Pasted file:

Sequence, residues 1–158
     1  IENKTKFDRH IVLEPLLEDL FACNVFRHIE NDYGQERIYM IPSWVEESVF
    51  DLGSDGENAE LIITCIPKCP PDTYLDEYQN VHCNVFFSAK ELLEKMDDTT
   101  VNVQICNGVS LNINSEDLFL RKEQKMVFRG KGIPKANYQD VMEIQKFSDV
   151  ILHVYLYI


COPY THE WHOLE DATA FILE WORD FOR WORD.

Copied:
Sequence, residues 1–158
     1  IENKTKFDRH IVLEPLLEDL FACNVFRHIE NDYGQERIYM IPSWVEESVF
    51  DLGSDGENAE LIITCIPKCP PDTYLDEYQN VHCNVFFSAK ELLEKMDDTT
   101  VNVQICNGVS LNINSEDLFL RKEQKMVFRG KGIPKANYQD VMEIQKFSDV
   151  ILHVYLYI